chagrin:  The word chagrin first appeared in French in the 14th century as an adjective, meaning ‘sad, vexed’, a usage at first adopted into English: ‘My wife in a chagrin humour, she not being pleased with my kindness to either of them’, Samuel Pepys’s Diary 6 August 1666. It died out in English in the early 18th century, but the subsequently developed noun and verb have persisted. Etymologists now discount any connection with French chagrin ‘untanned leather’ (source of English shagreen ), which came from Turkish sagri.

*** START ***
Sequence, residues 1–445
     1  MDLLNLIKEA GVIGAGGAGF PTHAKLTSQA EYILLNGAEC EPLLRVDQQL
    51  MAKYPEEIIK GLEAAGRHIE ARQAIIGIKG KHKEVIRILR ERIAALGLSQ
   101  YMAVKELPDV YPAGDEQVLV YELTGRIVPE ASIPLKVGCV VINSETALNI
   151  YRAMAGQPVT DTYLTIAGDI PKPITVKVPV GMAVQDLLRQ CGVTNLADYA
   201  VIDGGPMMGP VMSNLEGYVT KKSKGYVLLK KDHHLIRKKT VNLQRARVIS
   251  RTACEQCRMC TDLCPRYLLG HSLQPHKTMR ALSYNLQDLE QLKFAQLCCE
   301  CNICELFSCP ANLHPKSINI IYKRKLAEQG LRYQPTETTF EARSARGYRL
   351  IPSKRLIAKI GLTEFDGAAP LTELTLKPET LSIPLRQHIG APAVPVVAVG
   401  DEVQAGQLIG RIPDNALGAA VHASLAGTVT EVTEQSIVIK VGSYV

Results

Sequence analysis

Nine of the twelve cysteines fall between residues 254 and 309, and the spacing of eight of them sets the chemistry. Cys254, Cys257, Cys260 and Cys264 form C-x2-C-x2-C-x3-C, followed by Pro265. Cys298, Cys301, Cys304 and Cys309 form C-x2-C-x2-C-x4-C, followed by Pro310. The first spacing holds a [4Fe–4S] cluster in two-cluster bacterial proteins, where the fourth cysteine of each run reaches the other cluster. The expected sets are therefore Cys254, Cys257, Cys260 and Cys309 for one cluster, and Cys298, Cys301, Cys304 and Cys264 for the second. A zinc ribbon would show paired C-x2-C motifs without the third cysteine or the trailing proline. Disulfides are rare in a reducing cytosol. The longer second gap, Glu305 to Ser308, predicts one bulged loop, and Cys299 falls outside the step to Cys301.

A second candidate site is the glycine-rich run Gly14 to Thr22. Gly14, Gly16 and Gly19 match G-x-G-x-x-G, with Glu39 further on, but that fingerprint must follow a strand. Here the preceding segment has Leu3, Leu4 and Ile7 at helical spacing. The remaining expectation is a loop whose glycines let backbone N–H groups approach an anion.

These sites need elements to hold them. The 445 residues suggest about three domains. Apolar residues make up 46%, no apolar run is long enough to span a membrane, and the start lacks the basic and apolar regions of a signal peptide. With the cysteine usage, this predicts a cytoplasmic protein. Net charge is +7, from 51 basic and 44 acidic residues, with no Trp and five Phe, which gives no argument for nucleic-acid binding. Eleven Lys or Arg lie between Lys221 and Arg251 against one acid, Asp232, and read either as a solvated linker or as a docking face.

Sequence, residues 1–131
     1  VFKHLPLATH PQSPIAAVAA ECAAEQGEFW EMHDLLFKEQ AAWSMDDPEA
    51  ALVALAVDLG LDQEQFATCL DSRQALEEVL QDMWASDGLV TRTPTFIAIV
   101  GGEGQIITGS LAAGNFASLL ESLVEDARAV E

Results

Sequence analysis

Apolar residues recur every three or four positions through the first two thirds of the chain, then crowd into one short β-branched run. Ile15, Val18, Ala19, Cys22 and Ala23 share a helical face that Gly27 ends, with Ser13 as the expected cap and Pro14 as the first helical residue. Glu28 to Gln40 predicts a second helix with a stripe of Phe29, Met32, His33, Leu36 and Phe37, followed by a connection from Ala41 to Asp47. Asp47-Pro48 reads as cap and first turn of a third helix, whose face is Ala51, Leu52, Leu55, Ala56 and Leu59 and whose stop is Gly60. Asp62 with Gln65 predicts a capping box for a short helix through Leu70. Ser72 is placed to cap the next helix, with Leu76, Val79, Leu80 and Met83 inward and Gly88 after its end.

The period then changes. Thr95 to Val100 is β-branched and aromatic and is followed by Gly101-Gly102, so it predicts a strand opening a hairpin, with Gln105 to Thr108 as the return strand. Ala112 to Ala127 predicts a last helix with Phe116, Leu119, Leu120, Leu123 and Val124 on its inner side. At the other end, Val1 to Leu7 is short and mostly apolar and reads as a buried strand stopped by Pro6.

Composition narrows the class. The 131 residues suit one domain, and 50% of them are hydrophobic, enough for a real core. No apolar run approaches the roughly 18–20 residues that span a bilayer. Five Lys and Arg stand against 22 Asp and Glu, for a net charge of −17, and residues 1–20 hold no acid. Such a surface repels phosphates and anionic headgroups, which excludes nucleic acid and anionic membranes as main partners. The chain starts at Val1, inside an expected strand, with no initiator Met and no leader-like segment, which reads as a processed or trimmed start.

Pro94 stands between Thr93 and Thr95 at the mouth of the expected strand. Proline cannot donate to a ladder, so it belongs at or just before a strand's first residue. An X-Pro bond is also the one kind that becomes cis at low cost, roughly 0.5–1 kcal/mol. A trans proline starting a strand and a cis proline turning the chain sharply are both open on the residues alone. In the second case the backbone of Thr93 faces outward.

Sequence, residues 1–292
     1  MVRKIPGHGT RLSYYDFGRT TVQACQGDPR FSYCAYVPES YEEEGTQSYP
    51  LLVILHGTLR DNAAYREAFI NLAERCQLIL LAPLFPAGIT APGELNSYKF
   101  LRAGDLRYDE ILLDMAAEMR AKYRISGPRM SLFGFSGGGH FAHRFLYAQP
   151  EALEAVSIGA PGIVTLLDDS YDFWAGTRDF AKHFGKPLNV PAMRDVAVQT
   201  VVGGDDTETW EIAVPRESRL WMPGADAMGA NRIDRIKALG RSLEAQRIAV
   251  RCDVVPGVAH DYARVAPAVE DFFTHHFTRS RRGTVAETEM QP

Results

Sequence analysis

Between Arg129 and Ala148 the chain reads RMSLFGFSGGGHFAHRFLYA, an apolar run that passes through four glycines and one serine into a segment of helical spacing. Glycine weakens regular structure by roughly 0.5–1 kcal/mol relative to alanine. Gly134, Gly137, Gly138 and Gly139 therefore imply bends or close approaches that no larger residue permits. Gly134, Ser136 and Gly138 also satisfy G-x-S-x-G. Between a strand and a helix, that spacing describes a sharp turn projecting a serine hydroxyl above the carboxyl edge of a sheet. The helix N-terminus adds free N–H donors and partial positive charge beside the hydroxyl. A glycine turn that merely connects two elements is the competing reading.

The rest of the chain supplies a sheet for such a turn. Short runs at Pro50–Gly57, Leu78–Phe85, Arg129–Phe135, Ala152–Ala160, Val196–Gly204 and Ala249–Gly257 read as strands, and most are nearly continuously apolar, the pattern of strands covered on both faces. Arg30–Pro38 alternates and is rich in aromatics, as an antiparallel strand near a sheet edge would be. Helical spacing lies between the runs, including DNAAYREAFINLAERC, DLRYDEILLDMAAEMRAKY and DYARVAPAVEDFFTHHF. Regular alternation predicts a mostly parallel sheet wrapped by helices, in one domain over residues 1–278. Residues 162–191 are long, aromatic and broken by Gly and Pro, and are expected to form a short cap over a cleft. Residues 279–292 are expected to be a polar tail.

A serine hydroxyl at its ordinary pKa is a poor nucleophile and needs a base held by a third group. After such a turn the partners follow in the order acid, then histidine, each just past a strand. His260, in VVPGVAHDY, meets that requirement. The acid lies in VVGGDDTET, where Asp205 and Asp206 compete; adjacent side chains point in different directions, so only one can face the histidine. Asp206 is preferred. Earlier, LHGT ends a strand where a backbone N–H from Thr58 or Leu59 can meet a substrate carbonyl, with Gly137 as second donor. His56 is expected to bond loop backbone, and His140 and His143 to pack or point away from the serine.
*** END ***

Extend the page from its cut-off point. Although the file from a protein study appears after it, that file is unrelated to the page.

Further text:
1650s, "melancholy," from French chagrin "melancholy, anxiety, vexation" (14c.), from Old North French chagreiner or Angevin dialect chagraigner "sadden," which is of unknown origin, perhaps [Gamillscheg] from Old French graignier "grieve over, be angry," from graigne "sadness, resentment, grief, vexation," from graim "sorrowful," which is of unknown origin, perhaps from a Germanic source (compare Old High German gram "angry, fierce"). But OED and other sources trace it to an identical Old French word, borrowed into English phonetically as shagreen, meaning "rough skin or hide," which is of uncertain origin, the connecting notion being "roughness, harshness." Modern sense of "feeling of irritation from disappointment" is 1716.